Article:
I’m a cautious fan of alternate versions of famous books.  Sometimes a new writer looking at a classic is able to illuminate it, show us aspects we never would have seen for ourselves.  Longbourn, by Jo Baker, is a good example of this, telling the story of Pride and Prejudice from the point of view of the servants working in the Bennet’s household.  It can be difficult, though, to get it right, especially if the point of view character in the new book is someone who doesn’t last through the whole of the original book.  Renfield, Slave of Dracula, by Barbara Hambly, stars one of those characters, and if Barbara Hambly weren’t an excellent writer (she is; go check out her other books, especially her Benjamin January mystery series), I would have been reluctant to give the book a try.  Which would have been too bad, because she manages to pull it off: a view of the events of Dracula from a character who’s usually seen as minor, which brings depth to that character and to all the other characters he touches.

We all know the outlines of Renfield’s story from Dracula: he’s the guy who was involved with Dracula before Jonathan Harker, who had a complete breakdown as a result and ended up in the asylum run by Dr. Jack Seward, eating flies and spiders and ranting about the lives he needed to ingest.  He’s something of a grotesque in the original, a contrast to Jonathan and a person who invites Dracula into the asylum where Mina Harker is staying, so Dracula can attack her and so the rest of the book’s plot can unfold. In the original, Dracula kills Renfield in the asylum for his unfaithfulness, long before Van Helsing and the others chase Dracula to his home in Transylvania.  

Hambly turns Renfield into a person with his own history, his own needs and his conflicts.  For most of the book, Renfield relates his side of events via letters to his absent wife and daughter, whom he has hidden away before his commitment to Seward’s asylum, to protect them from his wife’s conniving family.*  He comes across as an erudite, educated man with a past in India of the British Raj, and his obsession with eating flies and spiders and the like becomes more understandable (though still kind of bizarre). His relationship with Dracula is complex; we never learn how he met Dracula and how Dracula achieved his power over Renfield, but he finds himself seeing through Dracula’s eyes and feeling what his master feels (which, by the way, gives us the events we’re familiar with from Dracula).  He’s a sympathetic character, especially when you see how mentally ill people are treated in this era and especially in this asylum, where the lovesick Dr. Seward isn’t paying too much attention to how his staff earns extra money.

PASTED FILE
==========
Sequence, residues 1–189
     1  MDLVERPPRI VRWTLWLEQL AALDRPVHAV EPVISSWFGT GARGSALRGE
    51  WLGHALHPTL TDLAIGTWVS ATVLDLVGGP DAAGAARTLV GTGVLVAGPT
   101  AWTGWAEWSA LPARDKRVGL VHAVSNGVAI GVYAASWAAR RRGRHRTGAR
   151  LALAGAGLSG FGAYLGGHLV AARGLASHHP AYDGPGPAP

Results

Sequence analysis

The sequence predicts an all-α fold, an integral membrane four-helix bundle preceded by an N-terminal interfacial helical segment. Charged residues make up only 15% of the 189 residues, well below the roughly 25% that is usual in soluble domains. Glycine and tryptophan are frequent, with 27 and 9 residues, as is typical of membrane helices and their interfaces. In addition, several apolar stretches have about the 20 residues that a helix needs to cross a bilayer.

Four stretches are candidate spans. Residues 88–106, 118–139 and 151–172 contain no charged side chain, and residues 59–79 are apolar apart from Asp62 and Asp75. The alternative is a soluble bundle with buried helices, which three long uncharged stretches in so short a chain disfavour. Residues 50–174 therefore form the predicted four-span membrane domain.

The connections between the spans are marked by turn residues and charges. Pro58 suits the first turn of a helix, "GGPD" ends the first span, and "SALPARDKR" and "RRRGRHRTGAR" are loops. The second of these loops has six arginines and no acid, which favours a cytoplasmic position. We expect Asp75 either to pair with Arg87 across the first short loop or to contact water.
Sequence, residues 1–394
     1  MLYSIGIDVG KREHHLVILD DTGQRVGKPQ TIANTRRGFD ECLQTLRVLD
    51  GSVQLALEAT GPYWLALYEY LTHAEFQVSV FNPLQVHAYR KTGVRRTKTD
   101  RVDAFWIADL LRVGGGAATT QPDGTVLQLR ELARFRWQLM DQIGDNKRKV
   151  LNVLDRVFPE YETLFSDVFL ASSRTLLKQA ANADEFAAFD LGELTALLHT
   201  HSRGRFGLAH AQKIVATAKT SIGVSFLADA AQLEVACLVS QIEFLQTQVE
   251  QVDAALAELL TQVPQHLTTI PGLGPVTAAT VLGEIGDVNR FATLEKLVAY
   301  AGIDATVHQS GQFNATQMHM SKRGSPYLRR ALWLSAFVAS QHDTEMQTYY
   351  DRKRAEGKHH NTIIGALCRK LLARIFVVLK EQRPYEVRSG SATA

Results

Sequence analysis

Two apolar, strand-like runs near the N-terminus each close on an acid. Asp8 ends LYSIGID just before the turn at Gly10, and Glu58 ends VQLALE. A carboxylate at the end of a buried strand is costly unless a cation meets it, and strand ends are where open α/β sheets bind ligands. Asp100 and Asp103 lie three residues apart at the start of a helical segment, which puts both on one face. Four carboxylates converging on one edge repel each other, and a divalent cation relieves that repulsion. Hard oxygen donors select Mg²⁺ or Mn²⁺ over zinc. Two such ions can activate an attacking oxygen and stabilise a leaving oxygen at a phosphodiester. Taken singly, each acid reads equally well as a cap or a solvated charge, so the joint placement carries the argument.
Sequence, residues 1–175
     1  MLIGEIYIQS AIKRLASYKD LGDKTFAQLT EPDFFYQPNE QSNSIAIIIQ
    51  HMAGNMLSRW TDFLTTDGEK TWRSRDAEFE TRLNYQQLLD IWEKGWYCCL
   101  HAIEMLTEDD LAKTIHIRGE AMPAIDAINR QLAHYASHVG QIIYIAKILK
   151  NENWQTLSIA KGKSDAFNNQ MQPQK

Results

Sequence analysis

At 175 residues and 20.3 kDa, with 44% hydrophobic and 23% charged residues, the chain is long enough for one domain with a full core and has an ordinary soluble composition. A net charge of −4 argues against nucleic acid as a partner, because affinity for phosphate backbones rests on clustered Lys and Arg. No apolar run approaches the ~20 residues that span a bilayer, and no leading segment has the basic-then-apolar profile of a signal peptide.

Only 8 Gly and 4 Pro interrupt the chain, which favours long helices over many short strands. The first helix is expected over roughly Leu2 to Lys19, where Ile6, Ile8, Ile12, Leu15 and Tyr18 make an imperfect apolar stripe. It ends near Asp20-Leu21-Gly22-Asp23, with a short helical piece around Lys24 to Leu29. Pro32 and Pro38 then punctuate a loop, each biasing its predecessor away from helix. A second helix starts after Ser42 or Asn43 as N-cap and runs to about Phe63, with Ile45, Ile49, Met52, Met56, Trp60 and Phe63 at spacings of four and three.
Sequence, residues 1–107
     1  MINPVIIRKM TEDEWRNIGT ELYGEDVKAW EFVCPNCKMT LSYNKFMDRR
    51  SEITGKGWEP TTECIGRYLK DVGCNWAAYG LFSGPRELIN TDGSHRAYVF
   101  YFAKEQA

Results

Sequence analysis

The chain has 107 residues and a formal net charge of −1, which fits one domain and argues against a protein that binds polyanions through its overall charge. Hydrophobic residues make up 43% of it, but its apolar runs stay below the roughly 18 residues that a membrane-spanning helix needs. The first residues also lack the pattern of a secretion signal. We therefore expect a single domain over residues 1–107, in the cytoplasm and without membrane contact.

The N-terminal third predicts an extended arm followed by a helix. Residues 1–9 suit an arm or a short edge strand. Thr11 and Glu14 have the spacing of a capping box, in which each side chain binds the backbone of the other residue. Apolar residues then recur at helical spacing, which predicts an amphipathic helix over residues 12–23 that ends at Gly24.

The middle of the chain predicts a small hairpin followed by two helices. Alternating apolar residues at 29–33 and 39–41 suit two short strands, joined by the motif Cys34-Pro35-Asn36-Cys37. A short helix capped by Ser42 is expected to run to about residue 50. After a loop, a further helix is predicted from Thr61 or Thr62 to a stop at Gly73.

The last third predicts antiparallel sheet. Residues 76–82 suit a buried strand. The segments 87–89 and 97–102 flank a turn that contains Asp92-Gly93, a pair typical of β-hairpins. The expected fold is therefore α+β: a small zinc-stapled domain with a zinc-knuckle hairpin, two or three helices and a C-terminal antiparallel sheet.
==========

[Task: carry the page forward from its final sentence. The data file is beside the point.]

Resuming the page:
Even where Hambly diverges from the original plot, she’s scrupulous about using characters and events that are part of the original.  In this version, Renfield allies himself with Dracula’s wives, who have come to England to follow their master and to make sure he’s not setting himself up a new harem in England.  We’ve seen the wives in Dracula, though they weren’t as differentiated as they are here.  Each has her own personality (Elizabeth, the oldest, is the most like her husband, cold and cruel), and one of them, Nomie, sees Renfield as more than just a means to their ends but as a person in his own right. She becomes such a major character that if you’re aware of the fates of Dracula’s wives, you spend a lot of time worrying about her fate and how Renfield is going to react to it.

Ah, you ask, but how does the author get around the death of Renfield?  Very cleverly, I answer, but I’m not going to spoil the fun. Suffice it to say that his destiny makes perfect sense in the context of the vampire world (and that’s as much of a hint as I’m going to give), allowing him to be an actor in the events that lead to Dracula’s destruction.

There’s one major twist in the book which I didn’t foresee, but, shocking as it is at the time, when I thought about what we already knew up to that point, it felt fair, not as if the author were twisting the plot just for the sake of twists (coughGoneGirlcough).  Renfield is our protagonist; he’s not a hero, but he’s understandable and he brings new light to Dracula and the other characters around him.

You don’t have to have read Dracula in order to enjoy this book (though why haven’t you read it? It’s a fun book and a classic); what you probably already know from having seen various movie versions of Dracula and what you know from living in this culture will be enough to give you all the background you need. Of course, if you have read the original, it’s even more fun to read this.  Introduce yourself to a new and fascinating Renfield, here at The Field Library.